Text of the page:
Ten years, Manchester, and me

Manchester’s digital sector is worth £1.7 billion. Thinking back to 2006, Daniel Keighron-Foster, managing director and founder of Steamhaus, maps out Manchester's rise to the top.

​​As I stare out of my window on a rainy weekend afternoon, I’m trying to take stock of the fact that it’s ten years since I moved to Manchester.

Time has flown – I’ve launched and sold a business, got married and had twins. And as for the city itself, well the weather might not have changed much since 2006 but everything else has.

As the founder of a hosting start-up I moved to Manchester from deepest, darkest West Yorkshire when it became clear that the internet industry wasn’t going to move as quickly there as it was in the North West.

Although still only nascent at the time, it was clear that Manchester was reinventing itself as a digital city. I could feel the centre changing with every trip I made. Everyone in the city was feeling really positive about the part it was going to play in the digital economy and I wanted to be a part of it.

Daniel Keighron-Foster has a lot of love for Manchester

The crux of the city’s digital credentials has always been its datacentre facilities and connectivity to the internet backbone. I chose the University of Manchester’s Kilburn Building datacentre as the home for my first servers. The small and (slightly outdated) datacentre they opened under the Internet Facilitators (IFL) spin-out company was subsequently sold to Telecity which then transformed it as part of the Manchester Exchange (IXManchester). This sprung up amongst a host of other colocation and hosting companies across the city. The datacentre scene continues to grow meaning we can offer first rate infrastructure and cloud services to thousands of businesses locally.

Over the last ten years I’ve seen other monumental changes happen. Manchester has always been known for creativity and innovation so it’s no surprise that it’s become such a haven for start-ups. But it’s the commitment from larger organisations to either retain or move their headquarters to the city that have placed us on the map in the eyes of the wider world – the phenomenal developments at MediaCityUK and Airport City have played a key role in this.

Our digital tech skills are now second only to London in the UK and we’re rivalling creative hubs like Berlin. According to the 2016 Tech Nation Report, Manchester’s digital sector is worth £1.7 billion. This is thanks to initiatives such as Tech Hub and subsequently Tech North bringing support to the industry and helping to raise its profile.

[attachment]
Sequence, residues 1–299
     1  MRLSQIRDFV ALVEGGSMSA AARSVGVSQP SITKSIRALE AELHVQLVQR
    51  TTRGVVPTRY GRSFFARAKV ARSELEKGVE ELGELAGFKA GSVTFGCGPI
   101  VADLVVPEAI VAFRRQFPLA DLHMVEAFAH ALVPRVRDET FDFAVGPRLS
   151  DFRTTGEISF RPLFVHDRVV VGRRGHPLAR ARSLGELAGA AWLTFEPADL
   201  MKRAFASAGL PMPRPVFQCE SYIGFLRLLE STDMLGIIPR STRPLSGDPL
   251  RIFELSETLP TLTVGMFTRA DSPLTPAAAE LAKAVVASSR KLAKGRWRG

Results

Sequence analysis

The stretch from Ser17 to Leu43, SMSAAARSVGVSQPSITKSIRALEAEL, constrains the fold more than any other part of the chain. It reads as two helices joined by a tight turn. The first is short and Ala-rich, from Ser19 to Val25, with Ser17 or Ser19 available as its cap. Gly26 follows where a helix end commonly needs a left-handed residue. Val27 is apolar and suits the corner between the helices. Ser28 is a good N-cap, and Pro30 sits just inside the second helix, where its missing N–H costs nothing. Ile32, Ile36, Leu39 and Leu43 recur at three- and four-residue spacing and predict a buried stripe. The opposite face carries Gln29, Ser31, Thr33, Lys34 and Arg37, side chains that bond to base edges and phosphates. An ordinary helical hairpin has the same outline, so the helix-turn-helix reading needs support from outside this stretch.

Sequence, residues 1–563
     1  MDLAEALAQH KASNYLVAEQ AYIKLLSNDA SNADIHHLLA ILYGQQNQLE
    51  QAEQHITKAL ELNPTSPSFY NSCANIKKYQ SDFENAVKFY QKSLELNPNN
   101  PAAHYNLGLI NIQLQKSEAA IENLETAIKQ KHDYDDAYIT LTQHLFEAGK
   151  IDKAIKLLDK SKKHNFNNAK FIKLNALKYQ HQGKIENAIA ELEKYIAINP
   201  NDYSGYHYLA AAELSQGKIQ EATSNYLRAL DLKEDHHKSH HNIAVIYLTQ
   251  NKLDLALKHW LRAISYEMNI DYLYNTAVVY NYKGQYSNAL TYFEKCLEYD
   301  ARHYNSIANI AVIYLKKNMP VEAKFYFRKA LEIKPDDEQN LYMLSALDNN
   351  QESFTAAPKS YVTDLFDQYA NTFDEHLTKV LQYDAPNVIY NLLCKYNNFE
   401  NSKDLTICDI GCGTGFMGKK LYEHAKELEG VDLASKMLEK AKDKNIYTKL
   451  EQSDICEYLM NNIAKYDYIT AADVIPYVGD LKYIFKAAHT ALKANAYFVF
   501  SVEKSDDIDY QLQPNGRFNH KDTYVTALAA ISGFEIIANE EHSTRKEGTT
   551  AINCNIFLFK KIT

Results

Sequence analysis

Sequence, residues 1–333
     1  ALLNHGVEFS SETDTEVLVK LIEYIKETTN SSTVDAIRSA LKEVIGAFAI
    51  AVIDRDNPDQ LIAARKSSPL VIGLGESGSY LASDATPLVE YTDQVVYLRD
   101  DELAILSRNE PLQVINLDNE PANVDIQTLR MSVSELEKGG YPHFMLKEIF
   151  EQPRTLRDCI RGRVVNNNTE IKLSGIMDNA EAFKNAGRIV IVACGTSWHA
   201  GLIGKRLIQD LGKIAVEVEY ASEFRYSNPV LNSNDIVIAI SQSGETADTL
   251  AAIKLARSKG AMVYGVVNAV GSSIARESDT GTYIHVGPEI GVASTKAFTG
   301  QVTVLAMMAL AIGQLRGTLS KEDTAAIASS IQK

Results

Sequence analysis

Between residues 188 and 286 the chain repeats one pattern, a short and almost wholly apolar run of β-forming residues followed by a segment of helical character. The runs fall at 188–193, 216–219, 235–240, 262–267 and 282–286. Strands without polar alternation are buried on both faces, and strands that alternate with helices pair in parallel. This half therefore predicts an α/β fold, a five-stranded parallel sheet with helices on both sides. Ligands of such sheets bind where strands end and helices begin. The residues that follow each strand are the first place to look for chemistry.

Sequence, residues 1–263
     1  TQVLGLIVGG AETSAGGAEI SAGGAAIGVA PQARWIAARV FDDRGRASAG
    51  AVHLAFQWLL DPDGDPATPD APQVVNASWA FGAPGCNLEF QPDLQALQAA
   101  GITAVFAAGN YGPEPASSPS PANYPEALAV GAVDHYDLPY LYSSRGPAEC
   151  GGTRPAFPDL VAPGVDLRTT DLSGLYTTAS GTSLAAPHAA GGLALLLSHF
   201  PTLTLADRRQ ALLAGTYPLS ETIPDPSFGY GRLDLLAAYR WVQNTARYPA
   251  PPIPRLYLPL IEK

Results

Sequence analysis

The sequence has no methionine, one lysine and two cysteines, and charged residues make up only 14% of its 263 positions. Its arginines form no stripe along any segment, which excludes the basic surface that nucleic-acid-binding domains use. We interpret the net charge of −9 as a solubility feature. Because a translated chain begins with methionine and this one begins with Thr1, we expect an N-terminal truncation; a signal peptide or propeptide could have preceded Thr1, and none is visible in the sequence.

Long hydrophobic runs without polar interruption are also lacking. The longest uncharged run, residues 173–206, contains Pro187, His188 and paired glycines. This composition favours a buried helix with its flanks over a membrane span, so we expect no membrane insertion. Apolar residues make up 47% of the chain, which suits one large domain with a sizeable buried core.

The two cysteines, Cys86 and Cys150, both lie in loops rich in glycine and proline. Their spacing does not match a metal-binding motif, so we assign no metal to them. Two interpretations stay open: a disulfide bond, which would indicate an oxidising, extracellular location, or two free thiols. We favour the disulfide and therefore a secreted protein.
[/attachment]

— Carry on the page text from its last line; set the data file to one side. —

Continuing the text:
Couple this with other developments that we’ve seen across the city – our football teams have won the Premier League seven times since I moved here, scientists at the University of Manchester won the Nobel Prize for Physics for their work with graphene in 2010 and our arts scene has flourished with the opening of HOME, ten years of the Manchester International Festival and a commitment to invest £110 million into the new Factory arts centre.

Just last month Steve Wozniak, co-founder of Apple touched down in the UK to talk about his entrepreneurial journey – and he chose a packed Manchester Central and the Business Rocks conference as the place to do it.

More people live here too. Not only do we have the biggest student population in Europe but our city centre has seen an influx of young professionals choosing to live close to where it’s at rather than moving out to the leafy suburbs. This helps to bring more investment into the city centre as it becomes a more attractive place to live and work. Ten years ago only the trailblazers were opening their restaurants in the northern quarter where our new office is located. Today you can’t move for bohemian eateries.

In fact, Manchester is a leader when you look at the overall trend of people residing in city centres. In the ten years ending 2011, the number of city centre residents had increased by 83 per cent. Of these residents, almost 60 per cent had a degree and the majority were under 35.

But, just in case we let all of this success go to our heads it’s not all rosy. Despite our high student population and the explosion in the number of start-ups, we’re still losing talent to London and elsewhere. The national skills shortage that’s affecting the IT industry in general is also having an impact in the North – a report released by IP EXPO Manchester concluded that ‘if the North wants to keep growing, technology networking and education initiatives need to be improved.”

But I believe we can keep growing and we can prove ourselves equal to anywhere in the world. We have the spirit of industry behind us, the worker bee as our crest and we never shy away from re-invention. So, thank you Manchester. It’s a pleasure to be on the journey with you. Here’s to the next ten years.

Daniel Keighron-Foster is the managing director and founder of Steamhaus.

Praseeda Nair

Kellen Rempel

Praseeda was Editor for GrowthBusiness.co.uk from 2016 to 2018.

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